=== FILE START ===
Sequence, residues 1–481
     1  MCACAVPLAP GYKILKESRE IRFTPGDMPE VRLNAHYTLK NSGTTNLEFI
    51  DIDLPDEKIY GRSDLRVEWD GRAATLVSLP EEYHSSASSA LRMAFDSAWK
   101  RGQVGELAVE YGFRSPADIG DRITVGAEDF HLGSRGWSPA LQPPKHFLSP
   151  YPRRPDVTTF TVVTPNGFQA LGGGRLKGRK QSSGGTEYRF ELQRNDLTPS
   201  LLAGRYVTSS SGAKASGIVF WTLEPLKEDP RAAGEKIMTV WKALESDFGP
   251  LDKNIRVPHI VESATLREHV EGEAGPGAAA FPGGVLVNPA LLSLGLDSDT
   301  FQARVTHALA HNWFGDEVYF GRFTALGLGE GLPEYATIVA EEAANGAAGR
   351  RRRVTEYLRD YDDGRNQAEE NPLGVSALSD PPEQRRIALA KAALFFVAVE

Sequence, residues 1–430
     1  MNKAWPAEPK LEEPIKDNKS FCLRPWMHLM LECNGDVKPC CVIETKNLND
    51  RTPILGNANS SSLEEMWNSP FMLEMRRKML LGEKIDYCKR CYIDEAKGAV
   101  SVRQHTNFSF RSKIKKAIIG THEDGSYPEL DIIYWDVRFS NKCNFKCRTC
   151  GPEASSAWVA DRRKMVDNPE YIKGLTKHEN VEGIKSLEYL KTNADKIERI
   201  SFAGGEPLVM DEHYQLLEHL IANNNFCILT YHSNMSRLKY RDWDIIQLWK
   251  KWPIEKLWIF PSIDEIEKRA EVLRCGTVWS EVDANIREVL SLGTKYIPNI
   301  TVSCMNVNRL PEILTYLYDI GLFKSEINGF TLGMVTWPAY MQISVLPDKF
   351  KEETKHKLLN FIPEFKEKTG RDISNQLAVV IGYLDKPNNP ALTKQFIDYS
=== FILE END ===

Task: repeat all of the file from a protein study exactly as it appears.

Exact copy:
Sequence, residues 1–481
     1  MCACAVPLAP GYKILKESRE IRFTPGDMPE VRLNAHYTLK NSGTTNLEFI
    51  DIDLPDEKIY GRSDLRVEWD GRAATLVSLP EEYHSSASSA LRMAFDSAWK
   101  RGQVGELAVE YGFRSPADIG DRITVGAEDF HLGSRGWSPA LQPPKHFLSP
   151  YPRRPDVTTF TVVTPNGFQA LGGGRLKGRK QSSGGTEYRF ELQRNDLTPS
   201  LLAGRYVTSS SGAKASGIVF WTLEPLKEDP RAAGEKIMTV WKALESDFGP
   251  LDKNIRVPHI VESATLREHV EGEAGPGAAA FPGGVLVNPA LLSLGLDSDT
   301  FQARVTHALA HNWFGDEVYF GRFTALGLGE GLPEYATIVA EEAANGAAGR
   351  RRRVTEYLRD YDDGRNQAEE NPLGVSALSD PPEQRRIALA KAALFFVAVE

Sequence, residues 1–430
     1  MNKAWPAEPK LEEPIKDNKS FCLRPWMHLM LECNGDVKPC CVIETKNLND
    51  RTPILGNANS SSLEEMWNSP FMLEMRRKML LGEKIDYCKR CYIDEAKGAV
   101  SVRQHTNFSF RSKIKKAIIG THEDGSYPEL DIIYWDVRFS NKCNFKCRTC
   151  GPEASSAWVA DRRKMVDNPE YIKGLTKHEN VEGIKSLEYL KTNADKIERI
   201  SFAGGEPLVM DEHYQLLEHL IANNNFCILT YHSNMSRLKY RDWDIIQLWK
   251  KWPIEKLWIF PSIDEIEKRA EVLRCGTVWS EVDANIREVL SLGTKYIPNI
   301  TVSCMNVNRL PEILTYLYDI GLFKSEINGF TLGMVTWPAY MQISVLPDKF
   351  KEETKHKLLN FIPEFKEKTG RDISNQLAVV IGYLDKPNNP ALTKQFIDYS